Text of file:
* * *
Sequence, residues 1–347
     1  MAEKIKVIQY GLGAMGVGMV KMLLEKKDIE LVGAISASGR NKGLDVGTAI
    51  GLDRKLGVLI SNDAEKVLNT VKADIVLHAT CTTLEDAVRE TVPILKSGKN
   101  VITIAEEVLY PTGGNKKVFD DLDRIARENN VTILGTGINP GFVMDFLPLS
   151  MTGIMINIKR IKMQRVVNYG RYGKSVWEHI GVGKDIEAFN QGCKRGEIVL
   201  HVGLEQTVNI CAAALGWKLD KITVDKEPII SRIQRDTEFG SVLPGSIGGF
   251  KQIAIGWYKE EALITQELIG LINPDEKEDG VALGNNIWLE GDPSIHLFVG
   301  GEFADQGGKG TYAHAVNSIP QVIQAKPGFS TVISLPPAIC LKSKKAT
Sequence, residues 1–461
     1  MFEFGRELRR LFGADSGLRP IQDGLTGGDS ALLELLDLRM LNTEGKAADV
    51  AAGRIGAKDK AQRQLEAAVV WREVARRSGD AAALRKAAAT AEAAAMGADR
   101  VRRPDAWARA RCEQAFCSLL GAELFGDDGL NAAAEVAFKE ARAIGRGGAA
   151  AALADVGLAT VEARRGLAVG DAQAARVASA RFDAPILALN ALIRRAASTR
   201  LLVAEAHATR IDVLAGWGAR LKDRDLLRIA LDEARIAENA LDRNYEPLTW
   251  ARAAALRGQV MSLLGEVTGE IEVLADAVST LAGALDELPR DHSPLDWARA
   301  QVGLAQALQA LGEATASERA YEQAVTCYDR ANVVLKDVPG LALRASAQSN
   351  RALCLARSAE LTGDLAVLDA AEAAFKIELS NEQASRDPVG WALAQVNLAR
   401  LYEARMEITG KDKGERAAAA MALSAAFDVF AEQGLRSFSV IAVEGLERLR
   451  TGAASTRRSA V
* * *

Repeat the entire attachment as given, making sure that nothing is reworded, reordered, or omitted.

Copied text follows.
Sequence, residues 1–347
     1  MAEKIKVIQY GLGAMGVGMV KMLLEKKDIE LVGAISASGR NKGLDVGTAI
    51  GLDRKLGVLI SNDAEKVLNT VKADIVLHAT CTTLEDAVRE TVPILKSGKN
   101  VITIAEEVLY PTGGNKKVFD DLDRIARENN VTILGTGINP GFVMDFLPLS
   151  MTGIMINIKR IKMQRVVNYG RYGKSVWEHI GVGKDIEAFN QGCKRGEIVL
   201  HVGLEQTVNI CAAALGWKLD KITVDKEPII SRIQRDTEFG SVLPGSIGGF
   251  KQIAIGWYKE EALITQELIG LINPDEKEDG VALGNNIWLE GDPSIHLFVG
   301  GEFADQGGKG TYAHAVNSIP QVIQAKPGFS TVISLPPAIC LKSKKAT
Sequence, residues 1–461
     1  MFEFGRELRR LFGADSGLRP IQDGLTGGDS ALLELLDLRM LNTEGKAADV
    51  AAGRIGAKDK AQRQLEAAVV WREVARRSGD AAALRKAAAT AEAAAMGADR
   101  VRRPDAWARA RCEQAFCSLL GAELFGDDGL NAAAEVAFKE ARAIGRGGAA
   151  AALADVGLAT VEARRGLAVG DAQAARVASA RFDAPILALN ALIRRAASTR
   201  LLVAEAHATR IDVLAGWGAR LKDRDLLRIA LDEARIAENA LDRNYEPLTW
   251  ARAAALRGQV MSLLGEVTGE IEVLADAVST LAGALDELPR DHSPLDWARA
   301  QVGLAQALQA LGEATASERA YEQAVTCYDR ANVVLKDVPG LALRASAQSN
   351  RALCLARSAE LTGDLAVLDA AEAAFKIELS NEQASRDPVG WALAQVNLAR
   401  LYEARMEITG KDKGERAAAA MALSAAFDVF AEQGLRSFSV IAVEGLERLR
   451  TGAASTRRSA V